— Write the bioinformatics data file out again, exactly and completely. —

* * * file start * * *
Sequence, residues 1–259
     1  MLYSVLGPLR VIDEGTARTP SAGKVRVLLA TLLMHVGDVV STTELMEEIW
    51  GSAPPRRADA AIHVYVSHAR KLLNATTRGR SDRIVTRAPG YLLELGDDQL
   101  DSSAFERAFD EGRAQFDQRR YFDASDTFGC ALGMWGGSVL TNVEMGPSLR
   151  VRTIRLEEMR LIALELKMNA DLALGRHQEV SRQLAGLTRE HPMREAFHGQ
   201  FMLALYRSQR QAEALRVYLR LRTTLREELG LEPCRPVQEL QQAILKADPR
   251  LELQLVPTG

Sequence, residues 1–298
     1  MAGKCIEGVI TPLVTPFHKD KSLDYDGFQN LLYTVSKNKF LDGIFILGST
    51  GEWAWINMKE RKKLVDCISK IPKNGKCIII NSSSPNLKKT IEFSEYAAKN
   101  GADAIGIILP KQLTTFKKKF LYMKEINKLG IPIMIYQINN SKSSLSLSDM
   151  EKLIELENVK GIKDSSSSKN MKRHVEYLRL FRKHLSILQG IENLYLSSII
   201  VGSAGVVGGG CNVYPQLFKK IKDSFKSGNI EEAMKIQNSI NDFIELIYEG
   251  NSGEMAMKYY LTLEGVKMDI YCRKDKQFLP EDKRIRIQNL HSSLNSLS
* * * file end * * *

Sequence, residues 1–259
     1  MLYSVLGPLR VIDEGTARTP SAGKVRVLLA TLLMHVGDVV STTELMEEIW
    51  GSAPPRRADA AIHVYVSHAR KLLNATTRGR SDRIVTRAPG YLLELGDDQL
   101  DSSAFERAFD EGRAQFDQRR YFDASDTFGC ALGMWGGSVL TNVEMGPSLR
   151  VRTIRLEEMR LIALELKMNA DLALGRHQEV SRQLAGLTRE HPMREAFHGQ
   201  FMLALYRSQR QAEALRVYLR LRTTLREELG LEPCRPVQEL QQAILKADPR
   251  LELQLVPTG

Sequence, residues 1–298
     1  MAGKCIEGVI TPLVTPFHKD KSLDYDGFQN LLYTVSKNKF LDGIFILGST
    51  GEWAWINMKE RKKLVDCISK IPKNGKCIII NSSSPNLKKT IEFSEYAAKN
   101  GADAIGIILP KQLTTFKKKF LYMKEINKLG IPIMIYQINN SKSSLSLSDM
   151  EKLIELENVK GIKDSSSSKN MKRHVEYLRL FRKHLSILQG IENLYLSSII
   201  VGSAGVVGGG CNVYPQLFKK IKDSFKSGNI EEAMKIQNSI NDFIELIYEG
   251  NSGEMAMKYY LTLEGVKMDI YCRKDKQFLP EDKRIRIQNL HSSLNSLS